I see, so that’s the kind of progression you had. Sakaguchi-san, after you made the first Final Fantasy game in 1987, the second game, FFII13, came out the very next year, meaning that in those days players could enjoy a new Final Fantasy game every year, right? 13 FFII = Final Fantasy II, an RPG released for the NES in December 1988 in Japan. It was the second game in the series. In Europe it is now available for Virtual Console on Wii.
Yes, we made releasing a game every year one of our aims at the time. They were sometimes called ‘sitting at the kotatsu (traditional Japanese fireplace) role-playing games’...
Ah, I see, so when it became the season for sitting at the kotatsu, you wanted players to play Final Fantasy, is that right?
Exactly. Though we were only able to do it up to FFII, we did somehow feel that we’d like to line up the releases with the end of the year.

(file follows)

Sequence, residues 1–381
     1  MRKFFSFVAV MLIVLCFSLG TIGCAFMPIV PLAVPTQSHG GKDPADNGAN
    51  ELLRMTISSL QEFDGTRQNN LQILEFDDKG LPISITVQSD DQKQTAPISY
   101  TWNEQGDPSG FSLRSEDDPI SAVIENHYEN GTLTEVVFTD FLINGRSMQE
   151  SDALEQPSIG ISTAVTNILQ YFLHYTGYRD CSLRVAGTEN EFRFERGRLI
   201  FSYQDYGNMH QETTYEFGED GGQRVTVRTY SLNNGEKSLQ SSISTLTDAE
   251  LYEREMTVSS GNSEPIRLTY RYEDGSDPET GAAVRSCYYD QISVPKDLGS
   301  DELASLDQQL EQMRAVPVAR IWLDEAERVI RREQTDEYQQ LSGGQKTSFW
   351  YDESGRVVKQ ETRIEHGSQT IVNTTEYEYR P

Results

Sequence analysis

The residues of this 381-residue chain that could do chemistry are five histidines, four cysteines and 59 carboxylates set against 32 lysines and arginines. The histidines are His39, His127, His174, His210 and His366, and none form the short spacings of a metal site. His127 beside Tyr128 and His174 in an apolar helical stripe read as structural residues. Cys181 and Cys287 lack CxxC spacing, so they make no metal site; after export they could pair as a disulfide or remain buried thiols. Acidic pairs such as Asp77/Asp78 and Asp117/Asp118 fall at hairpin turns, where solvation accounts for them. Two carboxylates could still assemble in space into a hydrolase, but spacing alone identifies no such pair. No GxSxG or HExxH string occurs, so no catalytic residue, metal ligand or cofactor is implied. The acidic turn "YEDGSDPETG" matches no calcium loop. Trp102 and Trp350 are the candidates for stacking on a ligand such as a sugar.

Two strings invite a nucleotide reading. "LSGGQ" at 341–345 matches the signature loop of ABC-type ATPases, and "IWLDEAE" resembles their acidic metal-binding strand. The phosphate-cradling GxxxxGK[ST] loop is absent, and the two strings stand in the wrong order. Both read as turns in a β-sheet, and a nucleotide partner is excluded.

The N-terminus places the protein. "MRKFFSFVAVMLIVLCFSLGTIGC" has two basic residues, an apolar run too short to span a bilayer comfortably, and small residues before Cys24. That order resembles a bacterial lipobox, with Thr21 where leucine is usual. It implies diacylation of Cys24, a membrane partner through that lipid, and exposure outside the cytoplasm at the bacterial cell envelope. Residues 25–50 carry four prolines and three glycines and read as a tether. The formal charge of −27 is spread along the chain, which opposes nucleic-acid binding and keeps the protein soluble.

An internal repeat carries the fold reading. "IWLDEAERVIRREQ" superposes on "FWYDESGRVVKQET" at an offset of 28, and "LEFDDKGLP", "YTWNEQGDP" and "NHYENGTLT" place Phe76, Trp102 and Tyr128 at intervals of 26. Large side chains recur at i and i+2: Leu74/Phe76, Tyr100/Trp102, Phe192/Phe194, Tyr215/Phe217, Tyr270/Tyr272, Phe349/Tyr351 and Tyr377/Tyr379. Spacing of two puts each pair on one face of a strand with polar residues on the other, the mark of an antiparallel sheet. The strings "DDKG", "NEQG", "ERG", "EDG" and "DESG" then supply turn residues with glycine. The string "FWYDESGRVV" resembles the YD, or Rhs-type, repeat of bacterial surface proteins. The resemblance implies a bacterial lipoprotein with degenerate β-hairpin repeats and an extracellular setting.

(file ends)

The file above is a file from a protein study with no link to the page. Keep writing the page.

I remember hearing that at the time as well. The planned year-end release of Dragon Quest III14 was delayed, so Sakaguchi-san said ‘there isn’t a ‘sitting at the kotatsu’ game this year!’. 14 Dragon Quest III Soshite Densentsu e... was an RPG released as an NES game in February 1988 in Japan. Remakes were also released in Japan for the SNES and the Game Boy Color.
Yes, I said that. I thought we should have a ‘sitting at the kotatsu’ game. The delay of Dragon Quest III had left a vacant seat, as it were, so I thought I’d jump in there. It was a big seat to fill! (laughs)
And from then on you’ve always thought about all such details when making a game, haven’t you, Sakaguchi-san?
Yes. Sakamoto-san mentioned earlier that he was just a novice when he first tried writing scenarios, and I think in that period you could do anything. Not just making things, but also management, advertising and so on – it was an era where you would turn your hand to everything that came along. For better or worse, I suppose you could say that this is the kind of hotchpotch in which games were made.
It’s certainly true that these days work of all kinds is divided up. However, I think work on the products you’re involved with is only really complete when you have experienced thinking about questions such as ‘how can I communicate our messages contained in the products to the player?’ or ‘how am I going to deliver the product so that the consumers can enjoy it’.
It was an era when we thought for ourselves and it felt like we could do anything.